Throughout history, rivers have been our foremost source of fresh water both for agriculture and for individual consumption, but now economists say that by 2025 water scarcity will cut global food production by more than the current U.S. grain harvest.
In this groundbreaking book, veteran science correspondent Fred Pearce focuses on the dire state of the world's rivers to provide our most complete portrait yet of the growing world water crisis and its ramifications for us all.
Pearce traveled to more than 30 countries examining the current state of crucial water sources like the Indus River in Pakistan, the Colorado River in the U.S., and the Yellow and Yangtze rivers in China. Pearce deftly weaves together the complicated scientific, economic, and historic dimensions of the water crisis, showing us its complex origins - from waste to wrong-headed engineering projects to high-yield crop varieties that have saved developing countries from starvation but are now emptying their water reserves. He reveals the most daunting water issues we face today, among them the threat of flooding in China's Yellow River, where rising silt levels will prevent dikes from containing floodwaters; the impoverishment of Pakistan's Sindh, a once-fertile farming valley now destroyed by the 15 million tons of salt that the much-depleted Indus deposits annually on the land but cannot remove; the disappearing Colorado River, whose reservoirs were once the lifeblood of seven states but which could easily dry as overuse continues; and the poisoned springs of Palestine and the Jordan River, where Israeli control of the water supply has only fed conflict between Israelis and Palestinians.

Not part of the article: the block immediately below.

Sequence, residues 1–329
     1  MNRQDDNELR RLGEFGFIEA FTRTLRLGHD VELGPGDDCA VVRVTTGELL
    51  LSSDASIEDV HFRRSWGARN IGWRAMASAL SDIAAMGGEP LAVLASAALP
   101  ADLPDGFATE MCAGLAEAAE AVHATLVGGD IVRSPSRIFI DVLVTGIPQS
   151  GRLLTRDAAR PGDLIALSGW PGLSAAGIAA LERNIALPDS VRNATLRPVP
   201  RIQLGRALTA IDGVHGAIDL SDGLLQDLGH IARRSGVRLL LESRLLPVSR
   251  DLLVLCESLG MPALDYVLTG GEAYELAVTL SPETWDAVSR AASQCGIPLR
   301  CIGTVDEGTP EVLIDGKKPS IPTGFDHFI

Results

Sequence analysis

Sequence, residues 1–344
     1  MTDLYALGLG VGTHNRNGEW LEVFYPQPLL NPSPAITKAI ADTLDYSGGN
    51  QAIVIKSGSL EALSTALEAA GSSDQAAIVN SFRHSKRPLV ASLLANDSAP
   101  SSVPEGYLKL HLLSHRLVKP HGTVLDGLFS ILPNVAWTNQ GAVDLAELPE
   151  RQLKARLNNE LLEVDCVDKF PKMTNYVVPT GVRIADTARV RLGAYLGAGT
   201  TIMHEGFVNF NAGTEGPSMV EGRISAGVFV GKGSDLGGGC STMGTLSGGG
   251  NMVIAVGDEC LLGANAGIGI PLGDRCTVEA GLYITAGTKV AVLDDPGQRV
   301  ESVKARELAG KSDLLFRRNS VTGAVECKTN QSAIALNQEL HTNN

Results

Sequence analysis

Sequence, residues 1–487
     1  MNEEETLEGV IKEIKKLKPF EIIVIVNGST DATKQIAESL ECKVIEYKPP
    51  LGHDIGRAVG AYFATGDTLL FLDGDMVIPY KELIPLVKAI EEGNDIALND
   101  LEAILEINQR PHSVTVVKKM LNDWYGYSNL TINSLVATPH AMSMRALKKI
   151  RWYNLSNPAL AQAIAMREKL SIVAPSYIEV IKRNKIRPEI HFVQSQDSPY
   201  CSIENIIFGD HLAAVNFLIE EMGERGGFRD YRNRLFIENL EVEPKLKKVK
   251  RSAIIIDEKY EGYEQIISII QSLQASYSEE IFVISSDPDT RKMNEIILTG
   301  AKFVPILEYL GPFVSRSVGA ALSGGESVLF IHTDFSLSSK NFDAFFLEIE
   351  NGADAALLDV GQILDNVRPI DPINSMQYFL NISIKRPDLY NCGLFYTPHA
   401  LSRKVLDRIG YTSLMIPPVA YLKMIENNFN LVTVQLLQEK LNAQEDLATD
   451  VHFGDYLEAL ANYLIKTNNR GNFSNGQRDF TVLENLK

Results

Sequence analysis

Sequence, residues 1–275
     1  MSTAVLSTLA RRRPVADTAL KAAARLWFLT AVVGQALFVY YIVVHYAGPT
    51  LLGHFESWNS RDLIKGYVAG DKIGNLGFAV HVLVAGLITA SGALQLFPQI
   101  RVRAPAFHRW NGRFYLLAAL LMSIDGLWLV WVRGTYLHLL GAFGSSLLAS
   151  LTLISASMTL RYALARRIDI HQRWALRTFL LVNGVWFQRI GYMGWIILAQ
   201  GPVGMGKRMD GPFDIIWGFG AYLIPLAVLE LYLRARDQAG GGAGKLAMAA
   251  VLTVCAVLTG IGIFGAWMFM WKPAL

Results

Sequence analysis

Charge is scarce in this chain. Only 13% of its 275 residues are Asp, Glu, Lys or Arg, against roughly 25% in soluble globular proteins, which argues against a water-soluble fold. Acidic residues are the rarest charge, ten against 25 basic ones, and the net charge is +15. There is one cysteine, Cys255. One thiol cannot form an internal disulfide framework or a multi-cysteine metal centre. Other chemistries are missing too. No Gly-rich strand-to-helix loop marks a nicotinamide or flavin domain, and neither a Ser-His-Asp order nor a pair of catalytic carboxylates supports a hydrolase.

The situation is dire, but not without remedy. Pearce argues that the solution to the growing worldwide water shortage is not more and bigger dams, but a greater efficiency and a new water ethic based on managing the water cycle for maximum social benefit rather than narrow self-interest.
©2006 Fred Pearce (P)2010 Polity Audio LLC
"Oil we can replace. Water we can't - which is why this book is both so ominous and so important." (Bill McKibben, author of The End of Nature)
"The growing water crisis represents the greatest ecological and human rights crisis of our time. Fred Pearce has helped sound the alarm with this passionate, knowledgeable, and thoroughly researched book. A veteran reporter, Pearce cuts to the heart of the crisis and tells the human stories behind what can be soul-numbing facts. A great contribution." (Maude Barlow, co-author of Blue Gold and winner of the 2005 Right Livelihood Award)